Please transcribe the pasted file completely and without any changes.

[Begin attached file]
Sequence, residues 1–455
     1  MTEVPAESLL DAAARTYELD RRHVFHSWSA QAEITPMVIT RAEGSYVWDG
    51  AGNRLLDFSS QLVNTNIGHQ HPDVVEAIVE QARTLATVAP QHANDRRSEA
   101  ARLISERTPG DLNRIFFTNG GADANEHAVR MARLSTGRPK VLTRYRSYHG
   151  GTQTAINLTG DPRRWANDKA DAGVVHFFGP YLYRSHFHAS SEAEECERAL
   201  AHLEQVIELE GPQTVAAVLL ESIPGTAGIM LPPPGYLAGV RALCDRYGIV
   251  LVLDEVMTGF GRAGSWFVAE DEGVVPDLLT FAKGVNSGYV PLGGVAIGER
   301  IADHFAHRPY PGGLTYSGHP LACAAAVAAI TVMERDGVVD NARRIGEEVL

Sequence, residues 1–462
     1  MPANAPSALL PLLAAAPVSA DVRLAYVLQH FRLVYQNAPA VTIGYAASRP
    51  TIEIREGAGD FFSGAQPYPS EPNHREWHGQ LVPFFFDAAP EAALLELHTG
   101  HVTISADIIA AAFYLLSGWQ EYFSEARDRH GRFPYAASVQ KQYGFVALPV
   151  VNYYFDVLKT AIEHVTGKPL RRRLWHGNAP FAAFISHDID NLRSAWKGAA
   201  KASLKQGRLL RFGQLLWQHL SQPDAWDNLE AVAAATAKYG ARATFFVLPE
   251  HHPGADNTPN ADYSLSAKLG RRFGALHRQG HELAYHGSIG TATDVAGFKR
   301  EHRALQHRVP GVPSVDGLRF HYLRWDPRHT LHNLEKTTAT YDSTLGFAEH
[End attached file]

Sequence, residues 1–455
     1  MTEVPAESLL DAAARTYELD RRHVFHSWSA QAEITPMVIT RAEGSYVWDG
    51  AGNRLLDFSS QLVNTNIGHQ HPDVVEAIVE QARTLATVAP QHANDRRSEA
   101  ARLISERTPG DLNRIFFTNG GADANEHAVR MARLSTGRPK VLTRYRSYHG
   151  GTQTAINLTG DPRRWANDKA DAGVVHFFGP YLYRSHFHAS SEAEECERAL
   201  AHLEQVIELE GPQTVAAVLL ESIPGTAGIM LPPPGYLAGV RALCDRYGIV
   251  LVLDEVMTGF GRAGSWFVAE DEGVVPDLLT FAKGVNSGYV PLGGVAIGER
   301  IADHFAHRPY PGGLTYSGHP LACAAAVAAI TVMERDGVVD NARRIGEEVL

Sequence, residues 1–462
     1  MPANAPSALL PLLAAAPVSA DVRLAYVLQH FRLVYQNAPA VTIGYAASRP
    51  TIEIREGAGD FFSGAQPYPS EPNHREWHGQ LVPFFFDAAP EAALLELHTG
   101  HVTISADIIA AAFYLLSGWQ EYFSEARDRH GRFPYAASVQ KQYGFVALPV
   151  VNYYFDVLKT AIEHVTGKPL RRRLWHGNAP FAAFISHDID NLRSAWKGAA
   201  KASLKQGRLL RFGQLLWQHL SQPDAWDNLE AVAAATAKYG ARATFFVLPE
   251  HHPGADNTPN ADYSLSAKLG RRFGALHRQG HELAYHGSIG TATDVAGFKR
   301  EHRALQHRVP GVPSVDGLRF HYLRWDPRHT LHNLEKTTAT YDSTLGFAEH